Afghanistan war resister Travis Bishop has been held largely "incommunicado" in the Northwest Joint Regional Correctional Facility at Fort Lewis, Washington.

Action: Donate to Travis Bishop's legal defense fund

Bishop, who is being held by the military as a "prisoner of conscience," according to Amnesty International, was transported to Fort Lewis on September 9 to serve a 12-month sentence in the Regional Correctional Facility. He had refused orders to deploy to Afghanistan based on his religious beliefs, and had filed for Conscientious Objector (CO) status. years.

Bishop, who served a 13-month deployment to Iraq and was stationed at Fort Hood, Texas, was court marshaled by the Army for his refusal to deploy to Afghanistan. Given that he had already filed for CO status, many local observers called his sentencing a "politically driven prosecution."

By holding Bishop incommunicado, the military violated Bishop's legal right to counsel, a violation of the Sixth Amendment to the US Constitution, according to his civil defense attorney James Branum.



Lesbian war resister asks for Canada asylum

By Janice Tibbetts, Canwest News Service. September 9, 2009

A lesbian soldier who deserted the U.S. military appealed to a Canadian judge for asylum Tuesday, claiming she was repeatedly harassed and threatened with death, then denied a discharge because her superiors wanted to send her to Afghanistan. Private Bethany Smith, who adopted the name Skyler James upon fleeing to Canada two years ago, took her case to Federal Court after being rejected as a refugee by the Immigration and Refugee Board.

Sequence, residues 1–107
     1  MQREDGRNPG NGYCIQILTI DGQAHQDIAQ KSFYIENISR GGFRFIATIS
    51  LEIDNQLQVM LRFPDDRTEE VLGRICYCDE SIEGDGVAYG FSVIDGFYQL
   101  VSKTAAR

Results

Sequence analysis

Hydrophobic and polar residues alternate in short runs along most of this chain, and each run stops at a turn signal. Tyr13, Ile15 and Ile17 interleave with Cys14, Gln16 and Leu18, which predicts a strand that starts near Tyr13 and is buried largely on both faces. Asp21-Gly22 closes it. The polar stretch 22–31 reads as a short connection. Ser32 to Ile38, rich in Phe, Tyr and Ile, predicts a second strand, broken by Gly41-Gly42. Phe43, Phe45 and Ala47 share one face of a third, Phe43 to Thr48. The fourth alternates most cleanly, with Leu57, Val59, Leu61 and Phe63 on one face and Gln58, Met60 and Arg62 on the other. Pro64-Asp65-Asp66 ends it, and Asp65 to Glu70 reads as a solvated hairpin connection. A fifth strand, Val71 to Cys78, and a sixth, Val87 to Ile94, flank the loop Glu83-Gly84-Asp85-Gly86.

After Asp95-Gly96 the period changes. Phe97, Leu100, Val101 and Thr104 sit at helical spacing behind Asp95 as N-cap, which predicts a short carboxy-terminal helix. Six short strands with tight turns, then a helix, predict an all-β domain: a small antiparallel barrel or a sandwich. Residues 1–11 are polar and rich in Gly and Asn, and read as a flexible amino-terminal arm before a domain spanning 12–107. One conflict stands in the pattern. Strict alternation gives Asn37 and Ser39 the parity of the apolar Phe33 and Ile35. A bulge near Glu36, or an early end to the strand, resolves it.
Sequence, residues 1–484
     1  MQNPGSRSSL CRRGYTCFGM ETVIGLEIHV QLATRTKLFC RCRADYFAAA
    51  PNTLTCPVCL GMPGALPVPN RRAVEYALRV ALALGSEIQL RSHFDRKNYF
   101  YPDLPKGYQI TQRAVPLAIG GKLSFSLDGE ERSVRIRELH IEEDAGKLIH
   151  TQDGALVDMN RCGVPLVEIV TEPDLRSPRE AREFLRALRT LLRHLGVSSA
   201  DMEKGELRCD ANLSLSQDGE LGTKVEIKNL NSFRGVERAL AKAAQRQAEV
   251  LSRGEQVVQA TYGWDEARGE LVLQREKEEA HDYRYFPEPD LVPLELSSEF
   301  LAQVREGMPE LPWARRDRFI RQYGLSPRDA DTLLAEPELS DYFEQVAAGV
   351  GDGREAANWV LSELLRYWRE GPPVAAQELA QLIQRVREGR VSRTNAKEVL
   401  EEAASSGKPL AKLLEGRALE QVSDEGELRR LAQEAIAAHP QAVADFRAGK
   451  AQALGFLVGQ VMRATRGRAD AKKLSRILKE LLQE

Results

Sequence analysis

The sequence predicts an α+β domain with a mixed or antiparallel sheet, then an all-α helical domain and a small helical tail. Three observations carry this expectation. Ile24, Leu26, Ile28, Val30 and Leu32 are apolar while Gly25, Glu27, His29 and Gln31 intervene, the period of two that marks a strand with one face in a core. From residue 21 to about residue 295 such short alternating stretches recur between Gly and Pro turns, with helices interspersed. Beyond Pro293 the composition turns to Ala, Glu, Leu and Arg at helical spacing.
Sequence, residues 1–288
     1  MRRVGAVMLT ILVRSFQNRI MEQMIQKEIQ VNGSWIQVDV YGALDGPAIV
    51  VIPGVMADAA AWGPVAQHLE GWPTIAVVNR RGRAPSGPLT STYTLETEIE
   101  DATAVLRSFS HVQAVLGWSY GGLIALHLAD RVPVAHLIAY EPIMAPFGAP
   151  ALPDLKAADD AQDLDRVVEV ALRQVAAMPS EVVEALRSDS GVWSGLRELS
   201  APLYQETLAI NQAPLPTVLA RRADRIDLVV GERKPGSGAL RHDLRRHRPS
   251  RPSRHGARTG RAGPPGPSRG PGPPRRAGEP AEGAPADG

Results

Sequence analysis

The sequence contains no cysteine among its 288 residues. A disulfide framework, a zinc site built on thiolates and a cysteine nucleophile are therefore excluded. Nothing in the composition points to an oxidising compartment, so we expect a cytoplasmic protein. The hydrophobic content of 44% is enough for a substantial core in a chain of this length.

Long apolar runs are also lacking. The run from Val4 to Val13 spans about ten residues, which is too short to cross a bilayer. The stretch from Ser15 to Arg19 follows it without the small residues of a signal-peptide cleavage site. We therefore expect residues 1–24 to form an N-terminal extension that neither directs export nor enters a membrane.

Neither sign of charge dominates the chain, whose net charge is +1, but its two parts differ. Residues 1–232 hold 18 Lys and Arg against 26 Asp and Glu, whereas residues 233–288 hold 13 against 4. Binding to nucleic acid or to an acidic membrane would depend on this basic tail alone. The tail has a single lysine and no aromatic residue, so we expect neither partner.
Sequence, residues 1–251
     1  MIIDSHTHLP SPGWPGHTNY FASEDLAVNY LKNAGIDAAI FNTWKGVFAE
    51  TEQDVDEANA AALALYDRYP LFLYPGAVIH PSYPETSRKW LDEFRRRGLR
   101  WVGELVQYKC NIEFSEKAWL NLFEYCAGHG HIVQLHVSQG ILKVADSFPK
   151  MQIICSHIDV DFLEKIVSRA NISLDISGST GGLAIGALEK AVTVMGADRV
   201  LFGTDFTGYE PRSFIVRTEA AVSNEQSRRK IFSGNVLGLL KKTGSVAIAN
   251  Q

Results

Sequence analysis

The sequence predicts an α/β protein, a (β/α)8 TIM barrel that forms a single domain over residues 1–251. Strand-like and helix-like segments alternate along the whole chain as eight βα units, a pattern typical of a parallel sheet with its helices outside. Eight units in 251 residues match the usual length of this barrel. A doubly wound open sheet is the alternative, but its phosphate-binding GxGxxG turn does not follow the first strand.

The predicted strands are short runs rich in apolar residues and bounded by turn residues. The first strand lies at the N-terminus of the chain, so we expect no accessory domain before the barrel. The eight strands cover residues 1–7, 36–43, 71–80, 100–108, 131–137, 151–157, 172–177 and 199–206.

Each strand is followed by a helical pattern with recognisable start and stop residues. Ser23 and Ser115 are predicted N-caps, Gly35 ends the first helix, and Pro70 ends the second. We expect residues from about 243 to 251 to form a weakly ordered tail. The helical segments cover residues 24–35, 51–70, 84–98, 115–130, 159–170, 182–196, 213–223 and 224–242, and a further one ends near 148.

Also: Courage to Resist audio interview with Bethany Smith

...Smith, who says she was outed by a soldier who spotted her walking hand-in-hand with a woman at a shopping mall, contends in court documents that she was badgered daily, saddled with extra work by her superiors and received more than 100 threatening notes on her dormitory door, including a death threat.

Smith served at Fort Campbell, in Kentucky, the same base where a gay soldier was beaten to death with a baseball bat in 1999.



Can you be one percent of the solution?

patersonBy Jeff Paterson, Courage to Resist Project Director
First U.S. military serviceperson to refuse to fight in Iraq
September 24, 2009

Dear Friend,

I’m writing today out of urgent necessity. Over the past 12 months, we’ve continued to support GI resisters to the best of our abilities, yet many of our supporters reduced the amount of their contributions—for a number of understandable reasons. As a result, Courage to Resist has depleted nearly all of our resources.

We have identified significant reductions in our budget and have made hard decisions—including reducing staff hours by 50% and moving our Oakland-based workspace saving 40% on office-related expenses. We are making these changes now so that we can provide critical support for the growing opposition to the Afghanistan occupation from within the military tomorrow.